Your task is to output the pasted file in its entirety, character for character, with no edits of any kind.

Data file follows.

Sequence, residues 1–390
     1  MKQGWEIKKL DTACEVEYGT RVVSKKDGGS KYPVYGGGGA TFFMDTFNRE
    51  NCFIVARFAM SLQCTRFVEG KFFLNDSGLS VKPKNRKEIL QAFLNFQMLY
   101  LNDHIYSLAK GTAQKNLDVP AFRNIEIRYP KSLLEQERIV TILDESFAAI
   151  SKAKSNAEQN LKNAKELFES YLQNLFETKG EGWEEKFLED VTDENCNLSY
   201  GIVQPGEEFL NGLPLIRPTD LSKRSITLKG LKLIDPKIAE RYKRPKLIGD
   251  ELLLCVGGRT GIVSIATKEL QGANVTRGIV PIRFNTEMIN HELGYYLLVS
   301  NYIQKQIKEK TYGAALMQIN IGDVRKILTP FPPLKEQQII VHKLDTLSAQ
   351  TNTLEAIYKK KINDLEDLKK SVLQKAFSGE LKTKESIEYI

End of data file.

Sequence, residues 1–390
     1  MKQGWEIKKL DTACEVEYGT RVVSKKDGGS KYPVYGGGGA TFFMDTFNRE
    51  NCFIVARFAM SLQCTRFVEG KFFLNDSGLS VKPKNRKEIL QAFLNFQMLY
   101  LNDHIYSLAK GTAQKNLDVP AFRNIEIRYP KSLLEQERIV TILDESFAAI
   151  SKAKSNAEQN LKNAKELFES YLQNLFETKG EGWEEKFLED VTDENCNLSY
   201  GIVQPGEEFL NGLPLIRPTD LSKRSITLKG LKLIDPKIAE RYKRPKLIGD
   251  ELLLCVGGRT GIVSIATKEL QGANVTRGIV PIRFNTEMIN HELGYYLLVS
   301  NYIQKQIKEK TYGAALMQIN IGDVRKILTP FPPLKEQQII VHKLDTLSAQ
   351  TNTLEAIYKK KINDLEDLKK SVLQKAFSGE LKTKESIEYI